Private library

Private library

A private library is a library under the care of private ownership, as compared to that of a public institution, and is usually only established for the use of a small number of people, or even a single person. As with public libraries, some people use stamps, stickers, or embossing to show ownership of the items. Some people sell their private libraries to established institutions such as the Library of Congress, or, as is often the case, bequeath them thereto after death, through a will.

The earliest libraries belonged to temples or administration bodies, resembled modern archives, and were usually restricted to nobility, aristocracy, scholars, or theologians. Examples of the earliest known private libraries include one found in Ugarit (dated to around 1200 BC) and the Library of Ashurbanipal in Nineveh (near modern Mosul, Iraq), dating back to the 7th century BC.


Nearly every house of nobility had a library and virtually every one was split into two rooms: one for Latin texts and one for Greek texts. Rome may very well have been the birth place of specialized libraries, with evidence of early medical and legal libraries.

In the 5th century BC, on the island of Cos outside the city of Pergamum, a medical school complex with a library was built in the sanctuary of Asclepius. This is the first medical school known to have existed, and subsequently it could be credited with the first specialized library.

Renaissance Europe

The Golden Age brought with it a renewed interest in conserving the new ideas being put forth by the great thinkers of the day. The Kings of each European country created impressive libraries some of which have become the national libraries of today.

The national library of France in Paris ("Bibliotheque Nationale de France") was started in 1367 as the Royal Library of King Charles V. In Florence, Italy, Cosimo de Medici had a private library which formed the basis of the Laurentian Library. The Vatican library was also started in the 1400s.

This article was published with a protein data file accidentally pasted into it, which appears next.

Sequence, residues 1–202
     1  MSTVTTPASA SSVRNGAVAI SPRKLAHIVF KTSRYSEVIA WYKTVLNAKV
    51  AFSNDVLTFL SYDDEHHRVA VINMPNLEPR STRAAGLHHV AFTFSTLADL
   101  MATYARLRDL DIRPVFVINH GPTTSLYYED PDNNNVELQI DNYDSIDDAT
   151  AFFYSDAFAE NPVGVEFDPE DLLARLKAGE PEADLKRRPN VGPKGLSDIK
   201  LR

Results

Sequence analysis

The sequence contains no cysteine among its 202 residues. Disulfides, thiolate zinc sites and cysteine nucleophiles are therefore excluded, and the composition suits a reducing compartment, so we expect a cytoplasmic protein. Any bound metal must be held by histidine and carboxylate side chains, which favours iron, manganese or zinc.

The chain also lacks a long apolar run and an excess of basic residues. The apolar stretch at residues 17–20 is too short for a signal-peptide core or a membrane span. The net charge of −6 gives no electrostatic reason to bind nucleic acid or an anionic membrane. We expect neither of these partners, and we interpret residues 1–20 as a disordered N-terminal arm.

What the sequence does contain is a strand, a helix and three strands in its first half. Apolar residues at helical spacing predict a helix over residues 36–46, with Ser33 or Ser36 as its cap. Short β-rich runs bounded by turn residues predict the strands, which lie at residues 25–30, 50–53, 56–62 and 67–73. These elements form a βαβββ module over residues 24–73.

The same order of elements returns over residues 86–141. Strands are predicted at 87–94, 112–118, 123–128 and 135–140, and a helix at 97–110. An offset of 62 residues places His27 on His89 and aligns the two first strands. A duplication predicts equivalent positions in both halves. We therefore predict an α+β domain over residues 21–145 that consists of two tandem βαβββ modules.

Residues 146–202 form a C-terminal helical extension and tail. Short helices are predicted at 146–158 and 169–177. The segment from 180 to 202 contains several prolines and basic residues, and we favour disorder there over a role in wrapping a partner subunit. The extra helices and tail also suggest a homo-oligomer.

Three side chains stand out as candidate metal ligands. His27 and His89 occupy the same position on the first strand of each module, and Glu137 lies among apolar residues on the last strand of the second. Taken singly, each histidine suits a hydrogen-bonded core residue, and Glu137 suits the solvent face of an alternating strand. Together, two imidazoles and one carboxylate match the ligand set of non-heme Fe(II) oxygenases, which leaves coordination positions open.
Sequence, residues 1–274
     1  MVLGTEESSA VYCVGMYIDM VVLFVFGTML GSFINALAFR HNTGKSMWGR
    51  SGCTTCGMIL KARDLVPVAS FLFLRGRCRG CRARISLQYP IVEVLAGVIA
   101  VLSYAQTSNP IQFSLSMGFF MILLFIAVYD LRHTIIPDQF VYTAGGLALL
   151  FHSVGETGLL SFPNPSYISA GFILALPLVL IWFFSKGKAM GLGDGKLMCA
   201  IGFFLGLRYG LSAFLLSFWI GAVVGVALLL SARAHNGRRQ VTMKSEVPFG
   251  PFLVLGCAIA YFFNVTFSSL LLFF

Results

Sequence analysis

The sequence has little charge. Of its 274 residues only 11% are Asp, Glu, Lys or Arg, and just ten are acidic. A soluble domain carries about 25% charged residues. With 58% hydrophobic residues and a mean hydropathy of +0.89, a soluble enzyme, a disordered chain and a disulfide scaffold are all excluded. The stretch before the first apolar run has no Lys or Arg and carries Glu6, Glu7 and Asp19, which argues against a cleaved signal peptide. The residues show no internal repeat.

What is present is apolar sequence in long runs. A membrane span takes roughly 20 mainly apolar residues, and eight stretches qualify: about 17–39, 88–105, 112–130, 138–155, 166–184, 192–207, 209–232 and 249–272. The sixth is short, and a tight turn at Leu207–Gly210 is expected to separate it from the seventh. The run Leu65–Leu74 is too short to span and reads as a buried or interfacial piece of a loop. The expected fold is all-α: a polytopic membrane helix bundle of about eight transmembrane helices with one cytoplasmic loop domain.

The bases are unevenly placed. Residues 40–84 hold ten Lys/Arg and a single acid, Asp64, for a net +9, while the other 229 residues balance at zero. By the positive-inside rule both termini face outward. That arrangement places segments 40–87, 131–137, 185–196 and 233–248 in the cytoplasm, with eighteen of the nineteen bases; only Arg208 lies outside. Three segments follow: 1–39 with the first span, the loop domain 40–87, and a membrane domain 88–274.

The creation and expansion of universities prompted the gifting of private libraries to university libraries. One notable donation was by Humphrey, Duke of Gloucester to Oxford University in the early 1400s.

Modern era

Private libraries in the hands of individuals have become more numerous with the introduction of paperback books.

Nearly every law firm and hospital has a library for use by its employees. In most of the English speaking world these are usually not called private libraries. They are normally considered as medical libraries or law libraries.

Many large corporations also have a library that covers the distinct industry of said company. Scientific establishments are especially apt to have a library to support the scientists. Manufacturing facilities are also likely to have an engineering library to help with troubleshooting and the assembly of complicated parts. In most of the English speaking world these types of non-public libraries are usually not called private libraries. They are called "Special Libraries" and their staff often seeks advancement and knowledge by joining the Special Libraries Association.

Famous private libraries

*Queen Elizabeth II's library in Windsor castle
*Tianyi Pavilion – The oldest private library in Asia; located in Zhejiang, China

ee also

*Carnegie Library
*Private libraries of Hong Kong
*Private libraries of Singapore

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